When Delta first announced plans to completely remake its regional fleet, I figured it would take a fair amount of time for it to happen. After all, the airline needed to get rid of more than 200 airplanes while adding about 150 more. Boy, was I wrong. It’s just about done.
I put together a graphic showing what’s happening. This compares where we were at the end of the first quarter 2012 versus where we will be when it’s all done in the next couple years.
Remember, while the plan is in place, this isn’t actually happening overnight. It will take a couple years. Still, the plan is now set, so let’s talk about it.
As you can see, the 50-seat category is the one taking the biggest beating. Comair was shut down so its 30 CRJ-200s are being retired. Pinnacle is in bankruptcy, and Delta has decided that all 140 of the CRJ-200s that it’s operating will go away as well. Meanwhile, SkyWest (including subsidiary ExpressJet) has agreed to cut 66 of its CRJ-200s out.
That leaves 90 of the airplanes with SkyWest. Republic-owned Chautauqua, meanwhile, was at 24 ERJ-145s but has agreed to operate 7 more at least for the next year. So at most, there are a mere 121 50-seaters under contract. That’s incredible, and it’s lower than the 125 that Delta had as its hard ceiling.
The number of 70-seat aircraft in the Delta Connection fleet hasn’t changed but the operators have. When Comair was shut down, 5 of its CRJ-700s were given to SkyWest while 10 were given to GoJet. Meanwhile, GoJet had finished picking up 6 more from SkyWest to get to its steady 22 airplanes along with 6 at sister-airline Compass. That left SkyWest with 60 of the airplanes. Republic-owned Shuttle America rounds out the fleet with 14 EMB-170s. That’s a total of 102.
In the 76-seat range, there are growth plans, but there is also some shifting. Comair’s 13 airplanes plus 16 from Pinnacle were given to SkyWest, most likely to give SkyWest incentive to go ahead and ditch those 66 50-seaters. Meanwhile, Shuttle America stayed steady with 16 EMB-175s while Compass had 36.
Pinnacle saw the greatest change. After losing 16 airplanes to SkyWest, Pinnacle had 41 CRJ-900s in its fleet. Delta has now decided to give an additional 40 CRJ-900s to Pinnacle as part of its growth plan. Pinnacle will now solely be a CRJ-900 operator with 81 total.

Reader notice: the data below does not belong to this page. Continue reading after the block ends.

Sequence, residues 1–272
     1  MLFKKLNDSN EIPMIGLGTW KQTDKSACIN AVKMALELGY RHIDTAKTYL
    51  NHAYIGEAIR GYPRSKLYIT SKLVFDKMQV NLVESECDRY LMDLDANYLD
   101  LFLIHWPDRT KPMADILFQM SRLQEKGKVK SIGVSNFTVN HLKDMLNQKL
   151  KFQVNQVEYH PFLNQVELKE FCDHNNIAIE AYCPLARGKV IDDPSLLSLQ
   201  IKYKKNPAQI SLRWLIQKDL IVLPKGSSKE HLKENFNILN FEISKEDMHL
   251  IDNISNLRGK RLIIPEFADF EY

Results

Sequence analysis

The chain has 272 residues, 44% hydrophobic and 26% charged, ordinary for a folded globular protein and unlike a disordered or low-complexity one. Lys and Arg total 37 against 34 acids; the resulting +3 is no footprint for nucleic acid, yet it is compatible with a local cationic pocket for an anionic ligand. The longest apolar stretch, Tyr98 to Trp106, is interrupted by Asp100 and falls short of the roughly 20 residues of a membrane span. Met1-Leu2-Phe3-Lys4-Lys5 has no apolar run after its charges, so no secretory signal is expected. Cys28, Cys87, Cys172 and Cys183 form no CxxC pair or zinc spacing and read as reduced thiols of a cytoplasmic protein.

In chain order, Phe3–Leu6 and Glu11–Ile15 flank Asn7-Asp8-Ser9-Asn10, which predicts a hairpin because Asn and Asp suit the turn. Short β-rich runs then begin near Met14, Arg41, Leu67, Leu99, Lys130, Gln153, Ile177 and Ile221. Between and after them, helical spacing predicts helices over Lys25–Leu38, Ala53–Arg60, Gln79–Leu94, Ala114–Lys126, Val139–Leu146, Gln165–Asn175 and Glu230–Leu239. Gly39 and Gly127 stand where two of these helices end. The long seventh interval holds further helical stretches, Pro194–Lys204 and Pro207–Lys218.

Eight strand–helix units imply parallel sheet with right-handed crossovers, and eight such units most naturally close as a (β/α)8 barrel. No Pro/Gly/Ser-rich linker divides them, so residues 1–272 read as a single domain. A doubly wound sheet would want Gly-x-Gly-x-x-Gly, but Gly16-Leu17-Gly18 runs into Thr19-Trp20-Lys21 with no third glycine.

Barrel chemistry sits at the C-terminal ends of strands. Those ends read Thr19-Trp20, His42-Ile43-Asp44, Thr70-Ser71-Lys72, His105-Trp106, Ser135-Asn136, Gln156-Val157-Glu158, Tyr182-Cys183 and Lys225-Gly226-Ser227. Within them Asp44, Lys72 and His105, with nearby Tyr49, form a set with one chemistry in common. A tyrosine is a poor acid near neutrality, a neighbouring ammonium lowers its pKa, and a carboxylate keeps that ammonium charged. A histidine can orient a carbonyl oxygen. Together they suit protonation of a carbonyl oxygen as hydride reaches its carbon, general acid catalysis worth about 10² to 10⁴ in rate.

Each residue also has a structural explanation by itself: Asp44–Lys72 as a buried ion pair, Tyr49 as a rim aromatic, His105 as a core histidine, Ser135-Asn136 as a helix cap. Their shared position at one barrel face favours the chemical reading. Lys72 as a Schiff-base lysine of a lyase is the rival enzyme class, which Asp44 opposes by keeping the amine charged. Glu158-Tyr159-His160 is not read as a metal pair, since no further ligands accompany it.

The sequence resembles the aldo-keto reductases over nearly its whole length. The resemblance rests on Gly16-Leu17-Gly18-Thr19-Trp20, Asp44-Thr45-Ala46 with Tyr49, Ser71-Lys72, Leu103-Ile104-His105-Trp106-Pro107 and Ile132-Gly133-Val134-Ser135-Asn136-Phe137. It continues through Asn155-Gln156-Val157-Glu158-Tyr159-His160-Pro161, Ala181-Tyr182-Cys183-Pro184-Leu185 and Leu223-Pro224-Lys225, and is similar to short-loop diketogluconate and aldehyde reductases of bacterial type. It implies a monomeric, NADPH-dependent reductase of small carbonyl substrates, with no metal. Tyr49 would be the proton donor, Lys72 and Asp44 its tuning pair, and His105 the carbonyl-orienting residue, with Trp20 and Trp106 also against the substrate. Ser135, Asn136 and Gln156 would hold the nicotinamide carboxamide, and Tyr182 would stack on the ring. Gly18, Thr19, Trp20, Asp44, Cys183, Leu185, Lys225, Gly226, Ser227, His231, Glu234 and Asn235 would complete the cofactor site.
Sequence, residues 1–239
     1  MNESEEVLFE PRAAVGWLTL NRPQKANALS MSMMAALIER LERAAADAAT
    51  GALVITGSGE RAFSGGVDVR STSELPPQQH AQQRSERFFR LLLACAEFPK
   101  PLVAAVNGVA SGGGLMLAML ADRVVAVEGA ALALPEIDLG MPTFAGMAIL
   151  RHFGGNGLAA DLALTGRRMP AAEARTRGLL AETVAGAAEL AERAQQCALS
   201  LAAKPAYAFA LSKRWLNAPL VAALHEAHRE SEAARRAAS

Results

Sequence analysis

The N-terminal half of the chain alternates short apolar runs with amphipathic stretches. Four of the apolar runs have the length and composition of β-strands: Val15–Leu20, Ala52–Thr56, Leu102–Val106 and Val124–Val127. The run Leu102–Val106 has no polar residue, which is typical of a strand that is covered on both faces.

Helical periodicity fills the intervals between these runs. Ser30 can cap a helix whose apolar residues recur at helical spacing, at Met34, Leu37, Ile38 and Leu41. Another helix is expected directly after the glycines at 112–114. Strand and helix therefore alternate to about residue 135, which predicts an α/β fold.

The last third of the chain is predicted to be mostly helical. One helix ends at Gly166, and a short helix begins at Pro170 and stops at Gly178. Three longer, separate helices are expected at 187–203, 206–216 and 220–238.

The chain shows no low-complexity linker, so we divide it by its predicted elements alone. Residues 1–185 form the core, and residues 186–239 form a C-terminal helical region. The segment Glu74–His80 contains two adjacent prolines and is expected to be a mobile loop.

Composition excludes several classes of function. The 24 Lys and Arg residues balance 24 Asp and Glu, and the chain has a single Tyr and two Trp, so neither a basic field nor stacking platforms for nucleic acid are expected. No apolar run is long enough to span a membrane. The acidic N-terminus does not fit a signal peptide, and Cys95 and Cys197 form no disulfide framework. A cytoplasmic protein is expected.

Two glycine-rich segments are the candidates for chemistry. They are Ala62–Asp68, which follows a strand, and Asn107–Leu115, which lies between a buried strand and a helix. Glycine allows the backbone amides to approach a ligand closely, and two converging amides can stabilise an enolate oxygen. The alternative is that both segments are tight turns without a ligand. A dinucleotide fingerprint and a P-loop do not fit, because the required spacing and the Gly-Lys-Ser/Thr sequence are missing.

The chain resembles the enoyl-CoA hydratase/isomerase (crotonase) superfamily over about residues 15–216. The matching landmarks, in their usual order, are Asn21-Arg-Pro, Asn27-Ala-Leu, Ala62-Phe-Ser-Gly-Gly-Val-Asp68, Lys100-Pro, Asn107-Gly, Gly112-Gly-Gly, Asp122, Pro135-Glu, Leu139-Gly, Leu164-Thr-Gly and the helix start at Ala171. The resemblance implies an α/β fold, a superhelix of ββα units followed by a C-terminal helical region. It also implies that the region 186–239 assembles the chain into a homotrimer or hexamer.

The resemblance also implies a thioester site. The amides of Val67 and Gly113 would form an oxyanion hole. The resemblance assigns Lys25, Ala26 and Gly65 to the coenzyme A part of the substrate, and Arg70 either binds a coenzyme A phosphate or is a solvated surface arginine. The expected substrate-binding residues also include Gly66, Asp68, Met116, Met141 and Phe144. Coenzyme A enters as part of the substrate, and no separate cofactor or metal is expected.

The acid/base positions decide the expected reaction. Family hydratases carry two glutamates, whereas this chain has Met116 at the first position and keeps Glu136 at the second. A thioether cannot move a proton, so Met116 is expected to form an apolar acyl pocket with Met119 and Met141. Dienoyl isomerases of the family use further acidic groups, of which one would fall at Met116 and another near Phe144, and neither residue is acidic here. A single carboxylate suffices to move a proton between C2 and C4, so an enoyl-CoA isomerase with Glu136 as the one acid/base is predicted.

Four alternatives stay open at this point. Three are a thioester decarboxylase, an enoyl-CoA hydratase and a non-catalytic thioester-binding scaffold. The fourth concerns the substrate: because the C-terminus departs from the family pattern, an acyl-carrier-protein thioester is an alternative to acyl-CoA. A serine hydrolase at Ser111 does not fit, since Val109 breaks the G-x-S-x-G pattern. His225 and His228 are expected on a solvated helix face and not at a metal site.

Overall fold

That leaves Delta with 193 airplanes in this category, but it has the right to go up to 223 after it adds its last 717 to the mainline fleet. So who will get the last 30? Well, along with that order for 40 CRJ-900s, Delta secured 30 options. I assume that at some point those will be exercised and assigned to one of the remaining four regionals – SkyWest/ExpressJet, Shuttle America, Pinnacle, or GoJet/Compass.
Lastly, we have the new 110-seat category. It was Delta’s deal to buy 88 of these airplanes from Southwest that triggered all these other shifts. Those will start coming in next year and deliveries will take a couple of years. Delta had no airplanes in this category before, but now it will operate 88.
What Does This Mean?
When this is all said and done, things will look much better for travelers. The 50-seaters are small and cramped, and lack amenities that even the slightly bigger aircraft will have. For example, the 50-seaters are all coach. The 70+ seat aircraft will have coach, Economy Comfort (more legroom), and First Class. Oh, and they’ll all have wifi too.
That doesn’t mean there isn’t a place for the 50-seaters. Some communities and routes are going to need airplanes that size, but it’s not nearly as many as airlines originally thought. Most airlines would rather go bigger, and Delta has done that by ordering more CRJ-900s for its regionals.
Now I’ll admit that from a passenger perspective, I was bummed to see Delta grow with CRJ-900s. The Embraer 175s have wider and more comfortable cabins. But I have no doubt that Delta got a screaming deal on those airplanes and money talks.
Personally, I’m most excited about the addition of the 717s. That’s partially because they were built in my backyard here in Long Beach, but I actually do like flying on those airplanes. I certainly like them a LOT more than regional jets.
What’s really interesting is that this change isn’t just impacting Delta. United’s pilots agreed to a very similar deal which will see United remake its fleet as well. And while American is a bit in flux still, it’s expected that we’ll see a similar type of deal no matter whether there’s a merger or not.
The downside is, of course, that with fewer small airplanes, small cities will take a hit. If they’re lucky, they’ll have fewer flights but on bigger airplanes. If they aren’t, they’ll lose a lot of service. We’ll have to see how this all shakes out.
But overall, this is a good thing for travelers. And the speed with which is all shook out is pretty amazing.